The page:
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FOREWORD.................................................................................. 2

PRELIMINARY REMARKS....................................................... 3


Sound Instrumenting. Craphon. Graphical Means...6

Morphemic Repetition. Extension of Morphemic Valency.11

CHAPTER II. LEXICAL LEVEL...............................................14

Word and its Semantic Structure.14

Connotational Meanings of a Word.14

The Role of the Context in the Actualization of Meaning.14

Stylistic Differentiation of the Vocabulary..16

Literary Stratum of Words. Colloquial Words....16

Lexical Stylistic Devices.23

Metaphor. Metonymy. Synecdoche. Play on Words. Irony. Epithet23

Hyperbole. Understatement. Oxymoron. 23

CHAPTER III. SYNTACTICAL LEVEL..................................38

Main Characteristics of the Sentence. Syntactical SDs. Sentence Length..38

One-Word Sentences. Sentence Structure. Punctuation. Arrangement of Sentence Members. Rhetorical Question. Types of Repetition. Parallel Constructions. Chiasmus. Inversion. Suspense, Detachment. Completeness of Sentence Structure. Ellipsis. One-Member Sentences. Apokoinu Constructions. Break.

Types of Connection.

Polysyndeton. Asyndeton. Attachment

Lexico-Syntactical Stylistic Devices.

Antithesis. Climax. Anticlimax. Simile. Litotes. Periphrasis.


Author's Narrative. Dialogue. Interior Speech. Represented57

Speech. Compositional Forms. .57


Colloquial vs. Literary Type of Communication. Oral vs..61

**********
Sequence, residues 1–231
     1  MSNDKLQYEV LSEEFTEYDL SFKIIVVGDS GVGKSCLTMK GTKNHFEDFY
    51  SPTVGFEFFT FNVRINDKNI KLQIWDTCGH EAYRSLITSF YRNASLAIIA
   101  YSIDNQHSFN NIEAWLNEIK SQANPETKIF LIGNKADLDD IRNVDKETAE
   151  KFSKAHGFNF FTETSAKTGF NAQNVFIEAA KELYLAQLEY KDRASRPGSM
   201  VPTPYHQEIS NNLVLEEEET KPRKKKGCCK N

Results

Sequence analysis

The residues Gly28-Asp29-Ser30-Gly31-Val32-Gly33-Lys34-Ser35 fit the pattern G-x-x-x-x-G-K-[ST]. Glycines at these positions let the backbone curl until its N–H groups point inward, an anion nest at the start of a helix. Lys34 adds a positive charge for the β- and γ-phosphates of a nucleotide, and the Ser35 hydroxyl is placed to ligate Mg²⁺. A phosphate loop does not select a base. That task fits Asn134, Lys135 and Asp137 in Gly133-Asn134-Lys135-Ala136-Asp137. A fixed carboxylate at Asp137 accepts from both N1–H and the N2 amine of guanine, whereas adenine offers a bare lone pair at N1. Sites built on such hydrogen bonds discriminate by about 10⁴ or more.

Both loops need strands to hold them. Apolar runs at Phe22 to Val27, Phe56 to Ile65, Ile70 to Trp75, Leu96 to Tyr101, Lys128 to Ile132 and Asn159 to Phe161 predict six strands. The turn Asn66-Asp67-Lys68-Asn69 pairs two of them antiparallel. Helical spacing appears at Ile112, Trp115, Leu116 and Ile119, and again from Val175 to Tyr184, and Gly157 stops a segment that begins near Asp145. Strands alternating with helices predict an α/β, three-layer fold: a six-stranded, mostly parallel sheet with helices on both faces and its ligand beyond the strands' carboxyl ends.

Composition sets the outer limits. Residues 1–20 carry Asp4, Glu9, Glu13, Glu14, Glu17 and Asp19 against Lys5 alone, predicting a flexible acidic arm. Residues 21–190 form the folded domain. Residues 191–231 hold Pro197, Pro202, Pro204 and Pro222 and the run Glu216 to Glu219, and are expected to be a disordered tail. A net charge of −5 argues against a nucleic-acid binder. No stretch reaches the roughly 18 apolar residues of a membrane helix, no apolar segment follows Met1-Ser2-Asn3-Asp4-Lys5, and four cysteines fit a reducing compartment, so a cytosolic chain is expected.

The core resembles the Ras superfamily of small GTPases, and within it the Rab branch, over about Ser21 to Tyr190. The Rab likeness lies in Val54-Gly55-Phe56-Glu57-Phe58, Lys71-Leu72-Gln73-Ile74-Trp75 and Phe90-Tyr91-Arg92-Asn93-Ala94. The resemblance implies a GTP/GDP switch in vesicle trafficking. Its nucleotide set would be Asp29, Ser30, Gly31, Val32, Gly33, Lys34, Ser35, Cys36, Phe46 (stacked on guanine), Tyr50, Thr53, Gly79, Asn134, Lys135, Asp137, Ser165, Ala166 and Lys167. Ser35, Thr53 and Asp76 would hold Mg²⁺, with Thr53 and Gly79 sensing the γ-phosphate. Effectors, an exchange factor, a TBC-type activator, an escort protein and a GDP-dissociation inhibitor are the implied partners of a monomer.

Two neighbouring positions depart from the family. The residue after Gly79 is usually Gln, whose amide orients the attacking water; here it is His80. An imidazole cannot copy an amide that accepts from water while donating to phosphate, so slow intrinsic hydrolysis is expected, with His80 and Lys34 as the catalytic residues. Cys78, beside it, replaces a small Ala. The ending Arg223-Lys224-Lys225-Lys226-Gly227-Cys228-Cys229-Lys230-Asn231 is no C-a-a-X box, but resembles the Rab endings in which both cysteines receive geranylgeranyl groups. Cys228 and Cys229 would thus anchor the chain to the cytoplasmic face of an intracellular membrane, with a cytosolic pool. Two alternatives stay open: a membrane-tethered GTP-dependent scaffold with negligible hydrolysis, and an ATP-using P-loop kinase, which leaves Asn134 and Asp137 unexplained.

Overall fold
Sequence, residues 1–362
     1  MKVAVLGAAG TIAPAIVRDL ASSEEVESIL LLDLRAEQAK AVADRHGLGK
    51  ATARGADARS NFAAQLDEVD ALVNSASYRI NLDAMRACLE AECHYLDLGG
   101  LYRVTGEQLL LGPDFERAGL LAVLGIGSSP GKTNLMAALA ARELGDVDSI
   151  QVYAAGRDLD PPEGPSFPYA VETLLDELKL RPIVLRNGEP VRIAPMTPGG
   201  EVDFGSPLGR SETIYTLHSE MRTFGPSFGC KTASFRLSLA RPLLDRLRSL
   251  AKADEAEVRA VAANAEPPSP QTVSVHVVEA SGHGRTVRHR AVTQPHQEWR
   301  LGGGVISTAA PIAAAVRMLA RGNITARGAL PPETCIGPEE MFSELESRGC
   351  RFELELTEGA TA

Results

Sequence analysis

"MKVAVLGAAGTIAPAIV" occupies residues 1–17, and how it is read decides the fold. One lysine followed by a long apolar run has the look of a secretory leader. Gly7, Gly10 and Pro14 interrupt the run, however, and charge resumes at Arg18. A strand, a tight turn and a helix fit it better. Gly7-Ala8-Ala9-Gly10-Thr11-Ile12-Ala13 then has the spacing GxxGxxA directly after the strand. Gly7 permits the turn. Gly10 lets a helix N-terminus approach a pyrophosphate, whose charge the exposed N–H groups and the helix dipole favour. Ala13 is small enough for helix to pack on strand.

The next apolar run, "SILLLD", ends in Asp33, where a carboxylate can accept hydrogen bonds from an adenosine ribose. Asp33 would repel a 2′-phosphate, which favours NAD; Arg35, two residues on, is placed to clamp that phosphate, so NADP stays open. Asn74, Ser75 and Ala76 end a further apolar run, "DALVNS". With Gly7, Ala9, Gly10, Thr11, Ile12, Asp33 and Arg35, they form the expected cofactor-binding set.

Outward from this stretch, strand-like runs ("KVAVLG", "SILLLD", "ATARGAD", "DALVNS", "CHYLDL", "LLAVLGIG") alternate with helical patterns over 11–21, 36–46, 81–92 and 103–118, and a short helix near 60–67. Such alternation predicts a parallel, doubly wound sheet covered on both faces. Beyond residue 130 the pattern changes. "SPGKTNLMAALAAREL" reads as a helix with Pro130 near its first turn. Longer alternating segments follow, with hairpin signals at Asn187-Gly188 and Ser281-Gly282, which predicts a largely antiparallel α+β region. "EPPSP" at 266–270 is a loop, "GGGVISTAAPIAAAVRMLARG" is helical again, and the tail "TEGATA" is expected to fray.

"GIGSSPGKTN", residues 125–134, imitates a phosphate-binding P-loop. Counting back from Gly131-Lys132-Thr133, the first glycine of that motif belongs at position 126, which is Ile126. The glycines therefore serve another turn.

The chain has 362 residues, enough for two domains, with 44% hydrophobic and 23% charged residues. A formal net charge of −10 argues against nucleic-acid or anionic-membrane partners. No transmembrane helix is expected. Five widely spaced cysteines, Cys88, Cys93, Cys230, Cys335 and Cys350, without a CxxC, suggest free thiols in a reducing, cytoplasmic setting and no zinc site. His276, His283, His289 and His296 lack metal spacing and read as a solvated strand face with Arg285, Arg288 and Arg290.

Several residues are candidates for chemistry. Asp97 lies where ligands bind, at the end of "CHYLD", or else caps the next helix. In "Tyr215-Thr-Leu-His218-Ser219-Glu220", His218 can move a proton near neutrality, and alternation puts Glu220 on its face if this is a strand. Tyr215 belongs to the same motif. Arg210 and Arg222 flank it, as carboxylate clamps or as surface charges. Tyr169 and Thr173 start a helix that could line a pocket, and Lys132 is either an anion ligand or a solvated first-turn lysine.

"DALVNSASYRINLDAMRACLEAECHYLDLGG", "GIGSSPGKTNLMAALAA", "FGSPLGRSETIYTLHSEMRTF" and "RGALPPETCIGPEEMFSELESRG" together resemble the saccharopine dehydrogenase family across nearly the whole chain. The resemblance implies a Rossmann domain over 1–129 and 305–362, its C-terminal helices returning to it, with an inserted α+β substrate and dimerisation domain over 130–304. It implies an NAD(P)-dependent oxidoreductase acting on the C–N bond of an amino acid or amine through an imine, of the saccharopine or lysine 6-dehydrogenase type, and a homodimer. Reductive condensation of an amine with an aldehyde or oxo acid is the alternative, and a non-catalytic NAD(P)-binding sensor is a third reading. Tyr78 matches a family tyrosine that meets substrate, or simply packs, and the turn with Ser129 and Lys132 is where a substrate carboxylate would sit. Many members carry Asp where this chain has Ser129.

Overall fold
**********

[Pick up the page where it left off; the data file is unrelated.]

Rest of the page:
Written Form of Communication. .61


Samples of Stylistic Analysis.


Extracts for Comprehensive Stylistic Analysis




Seminars in Style is a book of practice which can be used alongside or after the theoretical course of English Stylistics. Its aim is to help students acquire and use the knowledge and techniques necessary for the stylistic analysis of a text, i.e. find and interpret language phenomena of different levels of the language structure, which carry some additional information of the emotive, logical or evaluative types, all serving to enrich, deepen and clarify the text.

The book is divided into five chapters, each one containing a brief theoretical survey, questions checking the students' comprehension, and exercises. The latter are excerpts of varying length taken from the prose of XIX-XX cc. written in English. The length and complexity of the fragments for analysis grow by the end of each chapter. A sample of analysis is offered at the end of the book.

There are also texts for comprehensive stylistic analysis presupposing understanding of and free orientation in the material of the previous chapters.

The book ends with a list of the authors, whose works have been used for illustration.


Main Trends in Style Study. Functional Stylistics and Functional Styles. Forms and Types of the Language. Stylistics of Artistic Speech. Individual Style Study. Decoding Stylistics. Practical Stylistics. Levels of Linguistic Analysis. Foregrounding. Aims of Stylistic Analysis.